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Diffential elements and analysis dimensional

  1. Mar 30, 2014 #1
    The definition for volume element is simples, is ##dV=dxdydz##, ok. But, if you integrate this you'll have problems, because ##\int dV = \int dxdydx## no make sense in the right side of equation and, on the other hand, ##\iiint dV =\iiint dxdydx## no make sense in the left side of equation... so, this problem is eliminated if you define the volume element like ##d^3V = dxdydz##, now the tiple integral make sense: [tex]\iiint d^3V = \iiint dxdydz[/tex] However, to think if a quantity physical, in infinitesimal size, have simple, double, triple, ..., differential is non-intuitive, is a concept very analytical. But, ignore this information is metematically wrong.

    So, which is correct form for deal with this?
     
  2. jcsd
  3. Mar 30, 2014 #2

    Mark44

    Staff: Mentor

    Not really, if you work with definite integrals. As a triple integral, the one on the left would be ##\int_R dV##, where R is the three-dimensional region over which integration takes place. A triple integral can be rewritten as three iterated integrals, such as you show on the right, with suitable limits of integration.

    I'm not sure that your integral with dV makes any sense as an indefinite integral. What would you have as the antiderivative?
     
    Last edited: Apr 1, 2014
  4. Mar 30, 2014 #3
    I omitted the limits...

    BTW, which is the correct definition for volume element, d³V or dV ?
     
  5. Mar 31, 2014 #4

    Mark44

    Staff: Mentor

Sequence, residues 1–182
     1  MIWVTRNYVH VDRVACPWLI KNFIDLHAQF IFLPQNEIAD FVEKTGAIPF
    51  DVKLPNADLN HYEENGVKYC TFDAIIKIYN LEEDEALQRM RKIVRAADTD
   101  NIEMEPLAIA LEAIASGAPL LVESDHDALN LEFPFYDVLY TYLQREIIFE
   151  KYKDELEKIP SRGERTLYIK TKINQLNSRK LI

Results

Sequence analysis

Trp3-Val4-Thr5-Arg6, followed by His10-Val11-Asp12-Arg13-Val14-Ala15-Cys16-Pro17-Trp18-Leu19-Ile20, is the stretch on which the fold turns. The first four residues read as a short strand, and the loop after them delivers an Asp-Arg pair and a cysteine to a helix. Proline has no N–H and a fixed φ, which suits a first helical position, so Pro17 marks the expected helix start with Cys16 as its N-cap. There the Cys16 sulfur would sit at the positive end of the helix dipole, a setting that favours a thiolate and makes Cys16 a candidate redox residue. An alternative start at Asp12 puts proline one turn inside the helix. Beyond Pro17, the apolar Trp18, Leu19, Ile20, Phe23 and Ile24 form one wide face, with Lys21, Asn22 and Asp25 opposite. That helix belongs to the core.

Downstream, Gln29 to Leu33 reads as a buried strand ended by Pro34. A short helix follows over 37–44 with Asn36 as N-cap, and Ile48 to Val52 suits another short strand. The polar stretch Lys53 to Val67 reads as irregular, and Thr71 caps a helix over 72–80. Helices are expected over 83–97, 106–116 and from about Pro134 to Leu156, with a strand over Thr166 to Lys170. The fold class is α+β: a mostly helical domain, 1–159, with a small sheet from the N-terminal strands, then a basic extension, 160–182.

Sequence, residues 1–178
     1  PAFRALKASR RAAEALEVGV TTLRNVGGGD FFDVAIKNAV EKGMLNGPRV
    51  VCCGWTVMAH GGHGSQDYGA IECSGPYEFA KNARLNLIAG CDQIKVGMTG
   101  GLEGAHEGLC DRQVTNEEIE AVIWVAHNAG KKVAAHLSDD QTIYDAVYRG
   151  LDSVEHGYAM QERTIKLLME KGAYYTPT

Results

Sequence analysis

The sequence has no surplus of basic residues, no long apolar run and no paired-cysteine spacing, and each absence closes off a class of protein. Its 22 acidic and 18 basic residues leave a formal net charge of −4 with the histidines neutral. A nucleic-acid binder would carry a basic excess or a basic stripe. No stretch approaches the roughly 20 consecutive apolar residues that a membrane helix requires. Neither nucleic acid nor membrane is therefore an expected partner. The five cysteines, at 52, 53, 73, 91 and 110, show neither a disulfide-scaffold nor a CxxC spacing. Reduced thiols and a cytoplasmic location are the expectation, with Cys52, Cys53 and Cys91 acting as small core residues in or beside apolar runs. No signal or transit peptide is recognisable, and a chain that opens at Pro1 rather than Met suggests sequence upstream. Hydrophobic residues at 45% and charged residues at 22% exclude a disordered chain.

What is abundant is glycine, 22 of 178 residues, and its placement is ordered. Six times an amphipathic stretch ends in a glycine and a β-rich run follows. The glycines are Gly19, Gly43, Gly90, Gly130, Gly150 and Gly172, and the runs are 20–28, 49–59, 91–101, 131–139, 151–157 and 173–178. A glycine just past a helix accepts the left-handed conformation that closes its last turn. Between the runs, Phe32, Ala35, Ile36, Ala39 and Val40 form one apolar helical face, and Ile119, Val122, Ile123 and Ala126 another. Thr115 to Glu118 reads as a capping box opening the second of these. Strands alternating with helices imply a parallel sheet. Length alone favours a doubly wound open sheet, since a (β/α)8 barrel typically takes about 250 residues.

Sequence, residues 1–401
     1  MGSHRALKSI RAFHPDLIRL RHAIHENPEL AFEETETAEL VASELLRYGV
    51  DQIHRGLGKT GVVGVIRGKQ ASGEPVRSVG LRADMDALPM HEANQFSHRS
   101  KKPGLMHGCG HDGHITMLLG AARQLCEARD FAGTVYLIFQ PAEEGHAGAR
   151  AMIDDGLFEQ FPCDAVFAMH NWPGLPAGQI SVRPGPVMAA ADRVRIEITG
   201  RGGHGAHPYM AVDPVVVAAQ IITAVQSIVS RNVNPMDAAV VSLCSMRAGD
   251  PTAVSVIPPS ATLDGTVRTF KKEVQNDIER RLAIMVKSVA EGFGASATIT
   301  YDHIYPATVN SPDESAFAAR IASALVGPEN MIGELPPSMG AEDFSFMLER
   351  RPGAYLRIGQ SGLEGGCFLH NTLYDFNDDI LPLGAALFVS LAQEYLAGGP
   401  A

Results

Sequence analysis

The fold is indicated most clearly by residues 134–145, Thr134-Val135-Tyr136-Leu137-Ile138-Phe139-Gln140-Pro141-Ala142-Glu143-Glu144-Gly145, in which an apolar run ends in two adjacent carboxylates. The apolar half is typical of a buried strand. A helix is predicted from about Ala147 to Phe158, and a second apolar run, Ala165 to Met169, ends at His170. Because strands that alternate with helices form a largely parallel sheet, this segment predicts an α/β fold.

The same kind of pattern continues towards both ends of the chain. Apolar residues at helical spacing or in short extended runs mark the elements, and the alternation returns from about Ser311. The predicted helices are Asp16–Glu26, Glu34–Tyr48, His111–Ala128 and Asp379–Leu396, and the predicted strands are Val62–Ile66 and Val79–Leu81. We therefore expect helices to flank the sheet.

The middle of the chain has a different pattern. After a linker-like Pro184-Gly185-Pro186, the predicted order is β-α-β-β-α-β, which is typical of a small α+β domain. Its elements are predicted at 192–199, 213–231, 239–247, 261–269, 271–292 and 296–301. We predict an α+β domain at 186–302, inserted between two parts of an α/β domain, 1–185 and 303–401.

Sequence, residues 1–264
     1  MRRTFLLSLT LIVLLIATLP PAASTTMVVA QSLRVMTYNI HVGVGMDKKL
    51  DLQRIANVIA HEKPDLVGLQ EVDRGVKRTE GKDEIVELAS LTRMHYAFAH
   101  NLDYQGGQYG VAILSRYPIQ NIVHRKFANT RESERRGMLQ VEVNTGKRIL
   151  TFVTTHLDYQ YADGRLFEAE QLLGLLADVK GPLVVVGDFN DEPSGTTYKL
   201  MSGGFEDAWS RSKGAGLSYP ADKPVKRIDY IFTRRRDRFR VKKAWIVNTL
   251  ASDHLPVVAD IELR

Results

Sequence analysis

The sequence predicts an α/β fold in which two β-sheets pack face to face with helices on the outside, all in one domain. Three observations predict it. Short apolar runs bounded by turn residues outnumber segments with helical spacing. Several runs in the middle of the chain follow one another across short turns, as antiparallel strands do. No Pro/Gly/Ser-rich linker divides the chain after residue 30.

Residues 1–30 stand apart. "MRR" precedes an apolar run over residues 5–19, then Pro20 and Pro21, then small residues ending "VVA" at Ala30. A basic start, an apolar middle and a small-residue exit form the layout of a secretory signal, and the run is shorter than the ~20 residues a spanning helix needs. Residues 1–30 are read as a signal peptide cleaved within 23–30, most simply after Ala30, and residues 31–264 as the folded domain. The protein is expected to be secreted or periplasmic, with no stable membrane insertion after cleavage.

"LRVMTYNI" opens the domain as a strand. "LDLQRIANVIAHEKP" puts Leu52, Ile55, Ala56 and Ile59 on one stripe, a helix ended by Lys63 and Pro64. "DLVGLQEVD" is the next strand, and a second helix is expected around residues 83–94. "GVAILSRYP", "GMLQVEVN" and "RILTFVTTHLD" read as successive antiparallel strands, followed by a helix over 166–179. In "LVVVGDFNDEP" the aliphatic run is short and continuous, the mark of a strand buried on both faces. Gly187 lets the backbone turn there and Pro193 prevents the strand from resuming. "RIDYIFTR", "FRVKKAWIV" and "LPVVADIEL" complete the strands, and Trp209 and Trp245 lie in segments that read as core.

It's dV, a differential volume element.
     
  6. Apr 1, 2014 #5
    Are you saing that [tex]\int\limits_{V} = \iiint\limits_{x\;y\;z}[/tex] ?
     
    Last edited by a moderator: Apr 1, 2014
  7. Apr 1, 2014 #6

    Mark44

    Staff: Mentor

    Yes, but the three iterated integrals on the right side don't have to be in that particular order. They can appear in any of six ways.

    What I said was that a triple integral (##\int_R f(x, y, z) dV##) can be written as three iterated integrals - one possible order is ##\int \int \int f(x, y, z) dx~dy~dz##.
     
  8. Apr 2, 2014 #7
    If this notation proceeds: [tex]\iiint\limits_{x\;y\;z}f(x,y,z)dxdydz[/tex] (attention for the argument of the function f)

    So this too proceeds: [tex]\int\limits_{V}f(V)dV[/tex] What is a function of a tridimensional argument?
     
  9. Apr 2, 2014 #8

    Mark44

    Staff: Mentor

    Based on the order of the differentials, it would be written as
    $$\iiint\limits_{z\;y\;x}f(x,y,z)dxdydz $$
    The innermost integration is with respect to x, so the inner limits of integration are x values. Next, the integration is with respect to y. Finally, the outer integral is with respect to z, so the limits of integration are z values.
    No, it doesn't. We started with a function of three variables. You can't just switch it be be a function of one variable.

    For example, if f(x, y, z) = 2xy + e3z, how does f(V) make any sense at all?

    See just above for an example of a function with three arguments.
     
    Last edited: Apr 2, 2014
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